Kona Brewing Co.

By admin • September 20, 2011

Just another place with sand between its toes

Kona Brewing Co. was started by a father and son team that moved to the big island of Hawaii from outside of Oregon. They produced their first two beers in 1995 (both of which are still being produced today) and now has eleven beers regularly on tap at their main brewpub with around five seasonals and a few guests.

Though you will find Kona beers in stores on the mainland these are actually not brewed in Hawaii. Kona have partnerships with a few breweries on the mainland which do their brewing for distribution through the rest of the US. They use the same hops, malt and yeast as well as making modifications to the local water to match the water in Hawaii. This helps drop distribution costs as well as ensure the beer is fresh when it gets into your hands.

Like many businesses on the islands in Hawaii Kona goes to extra efforts for sustainability. Spent grain is passed on to ranchers and used to bake pizza doughs and breads for the restaurant, they recycle water from A/C units and reclaim heat from the brewing process to heat water. Producing its beer on the mainland is another part of this, drastically reducing their transportation costs and carbon footprint.

Kona have three locations around Hawaii now. Their main brewery and brewpub is in Kailua on the big island. A basic tour of the facility is free and this actually comes with free samplers of four of their beers. They have a second restaurant in Koko Marina on Oahu as well as a pub in the Honolulu airport.

Maui Brewing Co.

By admin • September 13, 2011

Handcrafted ales and lagers brewed with aloha

We first discovered beers from Maui Brewing Co. at a beer festival in Santa Rosa. They have been operating from the island of Maui since 2005 but their beers are now starting to appear in stores in California, Oregon, Washington, Idaho, Colorado and Puerto Rico. They have been showing up to beer festivals since they started though and have a decent list of medals to show for it.

One of the things that makes MBC unique is that they distribute their beer in cans rather than bottles. This is a part of their commitment to sustainability. Cans are cleaner than bottles (which shatter) and there is a can recycling facility on Maui but no glass recycling. Cans also let no light in which slows the aging process of the beer, though I guess some might argue that is a downside!

As well as using cans MBC also turns leftover vegetable oil from their brewpub into biofuel, donates spent grain to local farmers, has installed solar panels onto the roof of its brewing facility and sells spare barley to local homebrewers at near cost, a significant saving over what shipping would be for such small quantities. All part of wanting to help the local community wherever possible.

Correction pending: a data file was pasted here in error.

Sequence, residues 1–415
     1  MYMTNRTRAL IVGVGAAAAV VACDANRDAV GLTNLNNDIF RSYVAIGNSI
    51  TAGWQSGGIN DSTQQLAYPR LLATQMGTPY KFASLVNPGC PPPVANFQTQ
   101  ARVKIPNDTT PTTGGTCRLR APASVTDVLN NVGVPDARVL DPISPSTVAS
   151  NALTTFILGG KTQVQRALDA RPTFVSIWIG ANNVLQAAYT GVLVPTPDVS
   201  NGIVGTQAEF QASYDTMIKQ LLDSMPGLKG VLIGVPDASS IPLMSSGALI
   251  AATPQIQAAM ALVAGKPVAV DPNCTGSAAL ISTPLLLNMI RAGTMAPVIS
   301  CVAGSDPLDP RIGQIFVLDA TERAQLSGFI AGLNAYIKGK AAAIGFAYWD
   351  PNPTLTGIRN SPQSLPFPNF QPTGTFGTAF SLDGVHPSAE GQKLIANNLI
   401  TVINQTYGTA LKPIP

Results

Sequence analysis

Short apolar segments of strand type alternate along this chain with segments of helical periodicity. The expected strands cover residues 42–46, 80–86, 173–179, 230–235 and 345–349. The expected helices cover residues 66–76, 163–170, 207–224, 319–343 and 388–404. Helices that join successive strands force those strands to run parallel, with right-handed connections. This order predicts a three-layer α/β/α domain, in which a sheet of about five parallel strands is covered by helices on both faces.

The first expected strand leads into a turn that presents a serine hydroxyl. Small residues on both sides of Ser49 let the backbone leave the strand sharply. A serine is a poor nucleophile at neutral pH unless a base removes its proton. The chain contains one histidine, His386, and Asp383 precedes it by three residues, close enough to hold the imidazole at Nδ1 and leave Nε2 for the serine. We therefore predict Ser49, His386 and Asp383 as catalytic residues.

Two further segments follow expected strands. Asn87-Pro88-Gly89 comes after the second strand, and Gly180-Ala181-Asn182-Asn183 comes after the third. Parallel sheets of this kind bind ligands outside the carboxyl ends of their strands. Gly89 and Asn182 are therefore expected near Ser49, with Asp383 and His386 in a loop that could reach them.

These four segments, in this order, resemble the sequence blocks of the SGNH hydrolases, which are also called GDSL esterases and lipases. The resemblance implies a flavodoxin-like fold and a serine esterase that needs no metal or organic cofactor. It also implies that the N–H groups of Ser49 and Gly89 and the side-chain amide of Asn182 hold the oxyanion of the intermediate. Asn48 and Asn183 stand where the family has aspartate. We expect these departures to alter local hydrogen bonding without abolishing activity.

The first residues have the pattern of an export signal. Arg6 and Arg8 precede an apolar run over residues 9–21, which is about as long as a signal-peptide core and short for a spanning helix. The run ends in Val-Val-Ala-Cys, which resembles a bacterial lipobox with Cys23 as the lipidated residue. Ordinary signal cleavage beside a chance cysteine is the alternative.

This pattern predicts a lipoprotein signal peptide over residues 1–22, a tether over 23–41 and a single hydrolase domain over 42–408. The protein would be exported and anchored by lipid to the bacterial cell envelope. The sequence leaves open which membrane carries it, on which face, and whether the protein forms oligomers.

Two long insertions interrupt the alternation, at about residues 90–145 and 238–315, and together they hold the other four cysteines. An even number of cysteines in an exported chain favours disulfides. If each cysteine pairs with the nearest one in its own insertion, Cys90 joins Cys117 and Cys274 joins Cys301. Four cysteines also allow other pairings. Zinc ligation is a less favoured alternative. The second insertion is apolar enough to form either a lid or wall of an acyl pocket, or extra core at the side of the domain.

MBC has two locations, both on the North-West corner of Maui. Their main brewery is in Lahaina where they give detailed tours of the brewing process. Attached is a tasting room which will normally have five of their beers on tap. Their brewpub is a few miles further North in Napili. They do some small scale brewing here and also have around 16 of their beers on tap plus a couple of guest beers.

The Porterhouse

By Stella • April 10, 2009

The Porterhouse is Ireland’s only microbrewery of note. (Contrary to popular belief, the Irish have incredibly limited beer options, and they consume mainly Guinness with occasional doses of Smithwick’s and Carlsberg. They keep Budweiser on tap for American tourists, and regard Corona as a sort of goofy fun novelty which they’ll import a crate at a time, again, for the American tourists.) Soldier on, Porterhouse. May craft brew thrive one day in Ireland. Until then, you hold down the fort with the only non-pretentious, legitimately homespun establishment in the Temple Bar.

Due to being in a neighborhood packed with students and aspiring artists, the wait staff at the Porterhouse are ridiculously attractive people in their early 20’s. Although the place is usually crowded, service tends to be prompt and courteous although unfortunately nobody there seems to know anything about the beer other than it is brewed on premises. Don’t expect the servers to have the beerducation that a typical Northern California brewpub employee will have. However, Beer Buffs can glean the essentials from the informative menu.

The Porterhouse occupies a killer location in the Temple Bar and is surrounded by shops, restaurants, and other watering holes that suffer from being overpriced, pretentious, and sometimes downright shabby. Some restaurants are cramped and poorly lit, and many of the hotels are just the same old run-down 19th century buildings with a new coat of paint. The Porterhouse, by contrast, has an interesting open, multi-level plan that combines the look of a converted warehouse with Craftsman style. The most interesting architectural feature is the stage, suspended above the second floor and easily visible from all levels. Should you get the chance to visit, be sure to drop by on a Sunday to see Sliotar, the pub’s house band.

Unsurprisingly, the best beers at The Porterhouse were the two porters we tried — Their regular porter that’s always on tap and a seasonal chocolate porter that was probably manufactured from Leprechaun blood and rainbows. Some of their other selections are dull and watery, such as the Bitter, and others are interesting experiments but don’t belong on a permanent tap, such as their oyster flavored ale– yes, I said oyster flavored.

The food is great, the atmosphere is lively, and if you can get past the slightly pretentious air put off by the wait staff, it’s a fantastic place to have a great pint, hear first-rate live music, and enjoy a meal.